Dodge survived in the area he had burned off, and two other smokejumpers, Robert Sallee and Wait Rumsey, made it to the ridgeline and found refuge in a rockslide. Regrettably, Bill Hellman and Joe Sylvia initially survived after being overrun by the fire but later succumbed to their injuries.

While three smokejumpers managed to reach safety, the fire’s path consumed the remaining firefighters, including one firefighter who was already on the ground.

Remembering the men who perished in the Mann Gulch Fire:

  • Robert J. Bennett, 22, from Paris, Tennessee
  • Eldon E. Diettert, 19, from Moscow, Idaho
  • James O. Harrison, Helena National Forest Fire Guard, 20, from Missoula, Montana
  • William J. Hellman, 24, from Kalispell, Montana
  • Philip R. McVey, 22, from Babb, Montana
  • David R. Navon, 28, from Modesto, California
  • Leonard L. Piper, 23, from Blairsville, Pennsylvania
  • Stanley J. Reba, from Brooklyn, New York
  • Marvin L. Sherman, 21, from Missoula, Montana
  • Joseph B. Sylvia, 24, from Plymouth, Massachusetts
  • Henry J. Thol, Jr., 19, from Kalispell, Montana
  • Newton R. Thompson, 23, from Alhambra, California
  • Silas R. Thompson, 21, from Charlotte, North Carolina

Remains are removed from the north slope of Mann Gulch on Aug. 6, 1949.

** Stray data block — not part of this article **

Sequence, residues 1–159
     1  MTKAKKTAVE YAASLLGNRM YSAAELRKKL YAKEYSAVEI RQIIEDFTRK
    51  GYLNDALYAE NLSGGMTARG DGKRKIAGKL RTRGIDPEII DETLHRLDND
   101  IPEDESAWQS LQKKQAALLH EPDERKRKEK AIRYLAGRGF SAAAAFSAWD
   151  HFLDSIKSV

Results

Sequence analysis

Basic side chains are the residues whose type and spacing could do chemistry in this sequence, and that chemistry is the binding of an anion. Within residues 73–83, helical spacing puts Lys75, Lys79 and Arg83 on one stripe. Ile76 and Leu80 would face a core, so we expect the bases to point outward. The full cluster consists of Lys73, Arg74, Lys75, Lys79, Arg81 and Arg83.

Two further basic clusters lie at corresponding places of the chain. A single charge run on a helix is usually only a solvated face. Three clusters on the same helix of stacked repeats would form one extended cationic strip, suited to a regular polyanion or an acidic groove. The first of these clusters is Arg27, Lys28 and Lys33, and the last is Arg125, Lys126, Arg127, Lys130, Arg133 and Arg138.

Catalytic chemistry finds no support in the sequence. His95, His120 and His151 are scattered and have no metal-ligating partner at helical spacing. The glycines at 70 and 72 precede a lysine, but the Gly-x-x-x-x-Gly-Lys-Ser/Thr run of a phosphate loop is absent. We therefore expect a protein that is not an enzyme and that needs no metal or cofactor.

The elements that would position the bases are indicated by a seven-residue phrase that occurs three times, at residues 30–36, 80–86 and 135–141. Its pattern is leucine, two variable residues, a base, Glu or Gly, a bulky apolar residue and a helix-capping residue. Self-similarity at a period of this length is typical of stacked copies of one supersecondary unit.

Photo/U.S. Forest Service

Mann Gulch Fire lessons learned and legacy

The Mann Gulch Fire affected the entire firefighting community and forever changed the fire service’s approach to combating wildfires.

The tragedy revealed critical shortcomings in firefighting strategies and underscored the need for enhanced training, communication and situational awareness. In the aftermath of the tragedy, an investigative analysis of the events was performed to comprehend the sequence of decisions and actions that led to the devastating outcome.

One key lesson was the importance of crew cohesion and communication. The smokejumpers’ efforts were hindered by a lack of effective communication among members, which led to disjointed actions and missed opportunities to escape the advancing fire. This realization prompted a shift in firefighting tactics, emphasizing the significance of teamwork, coordination and clear communication lines.

The events of Mann Gulch also highlighted the importance of situational awareness and adapting to rapidly changing fire behavior. Firefighters began to receive specialized training in reading fire patterns, understanding wind dynamics, and predicting fire spread, enabling them to make more informed decisions on the fireground.